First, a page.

I vividly remember one of my childhood Sunday School teachers talking to my class about our time spent with God. “When is the best time of day to do your devotions?” she asked.
After quickly raising my hand, I replied, “Whatever time works best for you.”
“No, that is not correct,” she said. “The best time is the morning. You should start your day with God.” Read more
Today, I posted a blog for bible.org on helping your children learn to read the Bible on their own. I am forever grateful to those in my life who helped instill the importance of Scripture in my soul. Read on…. Read more
Coloring Sheets? Check.
Gold Fish Crackers? Check.
I could go on, but needless to say, sometimes the list of items needed for a children’s Sunday School Class can be quite long. As I run out the door, I mentally check off the items in my head to make sure I have everything. It is easy to have a preparation checklist for tangible items, but what about intangible things?
There are two things young children love: asking questions and being asked questions. Many questions are made up on the spot, a very natural way to do it. However, when talking to children about the gospel it is essential also to have a list of important evangelistic questions we can fall back on.
Especially with young children, asking questions can be one of the best ways to get the gospel message across. Furthermore, when we begin encouraging children to answer questions about the gospel in front of their peers, we are beginning the process of training them to share Christ with each other. Read more
I am amazed at the numerous amounts of conversation starters I’ve seen all over the web. If you look on Pinterest, there are even printable charts with questions to ask your children each year on their birthdays. Building relationships with people is an essential part of reaching them with the gospel, and showing our care. For those of us who are not naturally gifted in making conversation, this can be very helpful. But instead of thinking in terms of “specific questions,” I suggest thinking in terms of topics.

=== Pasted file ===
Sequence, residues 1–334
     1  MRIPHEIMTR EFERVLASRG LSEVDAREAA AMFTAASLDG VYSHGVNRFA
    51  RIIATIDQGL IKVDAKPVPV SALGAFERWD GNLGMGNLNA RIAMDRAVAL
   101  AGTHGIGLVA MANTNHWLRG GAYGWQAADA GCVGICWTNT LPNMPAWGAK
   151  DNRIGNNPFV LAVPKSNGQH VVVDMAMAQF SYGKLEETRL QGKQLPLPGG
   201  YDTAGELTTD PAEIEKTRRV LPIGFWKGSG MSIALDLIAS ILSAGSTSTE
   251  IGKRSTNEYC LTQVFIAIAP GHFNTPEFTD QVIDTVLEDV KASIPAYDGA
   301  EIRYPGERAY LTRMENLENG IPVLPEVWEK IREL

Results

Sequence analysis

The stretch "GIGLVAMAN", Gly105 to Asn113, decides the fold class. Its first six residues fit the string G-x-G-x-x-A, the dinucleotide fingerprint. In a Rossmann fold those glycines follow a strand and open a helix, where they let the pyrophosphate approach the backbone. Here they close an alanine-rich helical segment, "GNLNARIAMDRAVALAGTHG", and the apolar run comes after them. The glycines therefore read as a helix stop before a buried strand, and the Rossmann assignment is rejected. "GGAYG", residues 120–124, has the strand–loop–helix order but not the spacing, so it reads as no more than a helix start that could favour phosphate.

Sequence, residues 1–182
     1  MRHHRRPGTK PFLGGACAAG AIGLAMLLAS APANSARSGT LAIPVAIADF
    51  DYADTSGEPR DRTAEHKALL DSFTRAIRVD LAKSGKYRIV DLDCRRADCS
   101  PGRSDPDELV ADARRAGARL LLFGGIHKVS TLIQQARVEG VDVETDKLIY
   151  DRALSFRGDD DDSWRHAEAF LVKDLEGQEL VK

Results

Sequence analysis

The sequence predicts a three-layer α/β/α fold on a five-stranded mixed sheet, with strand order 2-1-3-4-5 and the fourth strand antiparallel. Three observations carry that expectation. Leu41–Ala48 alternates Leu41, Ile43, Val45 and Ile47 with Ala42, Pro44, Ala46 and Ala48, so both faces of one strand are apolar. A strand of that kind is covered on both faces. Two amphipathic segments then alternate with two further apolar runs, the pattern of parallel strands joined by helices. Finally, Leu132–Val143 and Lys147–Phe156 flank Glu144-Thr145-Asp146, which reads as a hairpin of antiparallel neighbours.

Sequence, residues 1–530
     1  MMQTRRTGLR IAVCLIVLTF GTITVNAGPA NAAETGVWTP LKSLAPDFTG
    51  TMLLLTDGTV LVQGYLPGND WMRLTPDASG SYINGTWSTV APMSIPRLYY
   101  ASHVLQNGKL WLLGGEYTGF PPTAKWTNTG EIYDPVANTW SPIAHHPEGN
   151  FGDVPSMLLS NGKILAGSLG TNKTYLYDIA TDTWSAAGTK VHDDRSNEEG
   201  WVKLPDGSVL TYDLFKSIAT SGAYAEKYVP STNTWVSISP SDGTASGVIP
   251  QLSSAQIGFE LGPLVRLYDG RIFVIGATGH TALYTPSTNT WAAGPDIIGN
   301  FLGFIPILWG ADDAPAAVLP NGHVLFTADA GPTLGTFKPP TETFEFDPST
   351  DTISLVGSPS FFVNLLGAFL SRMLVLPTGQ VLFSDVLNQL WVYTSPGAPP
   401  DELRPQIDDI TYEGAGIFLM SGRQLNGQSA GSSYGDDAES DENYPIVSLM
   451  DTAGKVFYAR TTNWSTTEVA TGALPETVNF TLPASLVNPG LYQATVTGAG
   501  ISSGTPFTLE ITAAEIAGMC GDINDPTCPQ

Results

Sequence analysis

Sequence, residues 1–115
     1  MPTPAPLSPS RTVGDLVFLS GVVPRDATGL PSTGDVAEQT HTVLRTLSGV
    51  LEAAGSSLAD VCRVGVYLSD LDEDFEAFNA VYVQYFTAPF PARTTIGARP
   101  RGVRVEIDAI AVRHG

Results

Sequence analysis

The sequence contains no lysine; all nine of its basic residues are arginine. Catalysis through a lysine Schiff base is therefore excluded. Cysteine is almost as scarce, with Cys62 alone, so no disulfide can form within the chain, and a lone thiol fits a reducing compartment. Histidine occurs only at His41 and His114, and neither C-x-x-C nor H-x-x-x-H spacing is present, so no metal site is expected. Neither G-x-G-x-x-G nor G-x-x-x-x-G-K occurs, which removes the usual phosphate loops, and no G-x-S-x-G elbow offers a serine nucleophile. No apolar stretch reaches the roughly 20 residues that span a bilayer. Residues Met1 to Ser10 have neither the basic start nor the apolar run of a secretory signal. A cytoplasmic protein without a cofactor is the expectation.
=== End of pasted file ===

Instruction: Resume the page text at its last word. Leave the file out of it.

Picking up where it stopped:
It might be helpful to look through a list of questions, but you don’t have to memorize a long list of them. Instead, consider a few important topics such as family, school, weekly activities, or spiritual things. Then try to ask questions from one of these areas. Read more
In keeping with this week’s theme of dialoguing with children via questions, I am also reposting some of my other fun posts for blogs.bible.org. The following originally appeared here:
Her glossy red hair matched the twinkle in her eyes, but she stood hesitantly at the classroom door gently tugging on her mother’s dress. Her eyes seemed to say, Do I have to stay here? “What a lovely bow on your dress! It matches your green eyes,” gushed the teacher. As the mother left and more parents came, more comments ensued. “What lovely braids!” “Awesome superhero shoes!” “I love your sparkly headband!” Read more
Today I am blogging over at blogs.bible.org about conversation starters with kids. Here is what I shared:
Whether you have kids, or you teach kids, or you just simply know kids, questions come in handy.
If you’ve ever struggled with getting to know a child better, perhaps some of the following questions may work as great conversation starters.
Questions about Their Day or Week (depending on how long it has been since you saw them last):
- What’s the best thing that happened to you this week?
- Do you have any funny stories from school today?
Author Shane Claiborne has said: “The church is like Noah’s ark. It stinks, but if you get out of it, you’ll drown.”
Simply put, church can get messy. And, that’s probably part of the reason why I’ve heard many of my fellow millennials make excuses for avoiding church—“I’m too busy,” “I’ve been hurt by other Christians,” “churches are full of judgmental people,” “people are hypocrites or insincere,” etc. Read more